xt::scalar_computed_assign(*this, e, std::forward<F>(f));
    return this->derived_cast();
}

The free function xt::scalar_computed_assign contains optimizations specific to scalars.

Expression assigners

The three main functions for assigning expressions (assign_xexpression, computed_assign and scalar_computed_assign) have a similar implementation: they forward the call to the xexpression_assigner, a template class that can be specialized according to the expression tag:

template <class E1, class E2>
inline void assign_xexpression(xexpression<E1>& e1, const xexpression<E2>& e2)
{
    using tag = xexpression_tag_t<E1, E2>;
    xexpression_assigner<tag>::assign_xexpression(e1, e2);
}

template <class Tag>
class xexpression_assigner : public xexpression_assigner_base<Tag>
{
public:

    using base_type = xexpression_assigner_base<Tag>;

    template <class E1, class E2>
    static void assign_xexpression(xexpression<E1>& e1, const xexpression<E2>& e2);

    template <class E1, class E2>
    static void computed_assign(xexpression<E1>& e1, const xexpression<E2>& e2);

    template <class E1, class E2, class F>
    static void scalar_computed_assign(xexpression<E1>& e1, const E2& e2, F&& f);

    // ...
};

xtensor provides specializations for xtensor_expression_tag and xoptional_expression_tag. When implementing a new function type whose API is unrelated to the one of xfunction_base, the xexpression_assigner should be specialized so that the assignment relies on this specific API.

assign_xexpression

The assign_xexpression methods first resizes the lhs expression, it chooses an assignment method depending on many properties of both lhs and rhs expressions. One of these properties, computed during the resize phase, is the nature of the assignment: trivial or not. The assignment is said to be trivial when the memory layout of the lhs and rhs are such that assignment can be done by iterating over a 1-D sequence on both sides. In that case, two options are possible:

  • if xtensor is compiled with the optional xsimd dependency, and if the layout and the value_type of each expression allows it, the assignment is a vectorized index-based loop operating on the expression buffers.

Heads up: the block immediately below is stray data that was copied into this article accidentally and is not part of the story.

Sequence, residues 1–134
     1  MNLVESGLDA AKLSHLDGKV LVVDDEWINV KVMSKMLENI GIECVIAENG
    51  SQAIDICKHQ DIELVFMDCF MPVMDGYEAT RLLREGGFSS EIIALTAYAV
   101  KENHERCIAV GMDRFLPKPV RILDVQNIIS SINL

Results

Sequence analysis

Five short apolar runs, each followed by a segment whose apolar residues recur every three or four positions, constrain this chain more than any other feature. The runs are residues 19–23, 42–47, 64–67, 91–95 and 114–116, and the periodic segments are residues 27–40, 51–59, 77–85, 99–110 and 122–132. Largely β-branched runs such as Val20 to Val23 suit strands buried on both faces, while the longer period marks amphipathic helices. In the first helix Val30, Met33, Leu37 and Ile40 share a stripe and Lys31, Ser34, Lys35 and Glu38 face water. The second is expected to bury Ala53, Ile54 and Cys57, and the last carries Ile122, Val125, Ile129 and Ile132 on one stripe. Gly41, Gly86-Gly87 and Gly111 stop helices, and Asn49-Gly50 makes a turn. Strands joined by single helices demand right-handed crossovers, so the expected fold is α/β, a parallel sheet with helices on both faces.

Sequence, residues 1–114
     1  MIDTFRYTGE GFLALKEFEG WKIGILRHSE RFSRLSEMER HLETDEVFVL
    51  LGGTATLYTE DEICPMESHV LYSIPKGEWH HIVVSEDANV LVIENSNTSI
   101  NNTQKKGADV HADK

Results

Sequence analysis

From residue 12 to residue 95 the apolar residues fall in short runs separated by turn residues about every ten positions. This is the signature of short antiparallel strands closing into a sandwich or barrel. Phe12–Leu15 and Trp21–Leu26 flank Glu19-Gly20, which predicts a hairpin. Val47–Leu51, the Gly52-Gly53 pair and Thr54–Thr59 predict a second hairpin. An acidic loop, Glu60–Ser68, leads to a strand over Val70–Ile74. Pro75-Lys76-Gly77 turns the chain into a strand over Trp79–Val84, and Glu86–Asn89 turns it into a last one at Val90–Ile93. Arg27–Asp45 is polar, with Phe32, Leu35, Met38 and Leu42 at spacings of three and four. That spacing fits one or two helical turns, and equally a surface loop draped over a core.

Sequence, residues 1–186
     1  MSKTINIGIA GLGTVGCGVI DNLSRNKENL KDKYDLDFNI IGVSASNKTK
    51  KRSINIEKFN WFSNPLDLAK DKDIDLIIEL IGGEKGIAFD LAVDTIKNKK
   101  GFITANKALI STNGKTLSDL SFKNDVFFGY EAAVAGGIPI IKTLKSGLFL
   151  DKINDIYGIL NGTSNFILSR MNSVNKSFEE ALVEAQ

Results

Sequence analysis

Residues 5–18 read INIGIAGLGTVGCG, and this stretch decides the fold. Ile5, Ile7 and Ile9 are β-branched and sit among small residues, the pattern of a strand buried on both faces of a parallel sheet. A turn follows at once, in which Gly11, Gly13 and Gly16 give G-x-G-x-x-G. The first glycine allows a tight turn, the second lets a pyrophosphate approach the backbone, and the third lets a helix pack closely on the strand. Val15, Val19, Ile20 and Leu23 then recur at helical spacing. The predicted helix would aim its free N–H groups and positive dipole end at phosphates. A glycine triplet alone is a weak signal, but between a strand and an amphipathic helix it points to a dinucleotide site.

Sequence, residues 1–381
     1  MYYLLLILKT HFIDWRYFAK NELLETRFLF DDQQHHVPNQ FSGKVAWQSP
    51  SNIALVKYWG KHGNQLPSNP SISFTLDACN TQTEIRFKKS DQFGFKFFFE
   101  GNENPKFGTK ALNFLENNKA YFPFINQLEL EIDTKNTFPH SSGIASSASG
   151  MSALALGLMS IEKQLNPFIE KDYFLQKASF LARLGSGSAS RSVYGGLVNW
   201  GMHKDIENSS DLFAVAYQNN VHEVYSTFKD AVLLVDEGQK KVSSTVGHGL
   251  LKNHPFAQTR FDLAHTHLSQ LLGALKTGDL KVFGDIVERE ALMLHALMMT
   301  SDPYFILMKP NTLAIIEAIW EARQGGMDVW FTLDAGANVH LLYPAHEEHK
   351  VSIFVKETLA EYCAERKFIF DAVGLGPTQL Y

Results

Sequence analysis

• if the xsimd assignment is not possible (for any reason), an iterator-based loop operating on the expresion buffers is used instead.

These methods are implemented in specializations of the trivial_assigner class.

When the assignment is not trivial, Steppers are used to perform the assignment. Instead of using xiterator of each expression, an instance of data_assigner holds both steppers and makes them step together.

../_images/assign_xexpression.svg

computed_assign

The computed_assign method is slightly different from the assign_xexpression method. After resizing the lhs member, it checks if some broadcasting is involved. If so, the rhs expression is evaluated into a temporary and the temporary is assigned to the lhs expression, otherwise rhs is directly evaluated in lhs. This is because a computed assignment always implies aliasing (meaning that the lhs is also involved in the rhs): a += b; is equivalent to a = a + b;.

../_images/computed_assign.svg

scalar_computed_assign

The scalar_computed_assign method simply iterates over the expression and applies the scalar operation on each value:

template <class Tag>
template <class E1, class E2, class F>
inline void xexpression_assigner<Tag>::scalar_computed_assign(xexpression<E1>& e1, const E2& e2, F&& f)
{
    E1& d = e1.derived_cast();
    std::transform(d.cbegin(), d.cend(), d.begin(),
                   [e2, &f](const auto& v) { return f(v, e2); });
}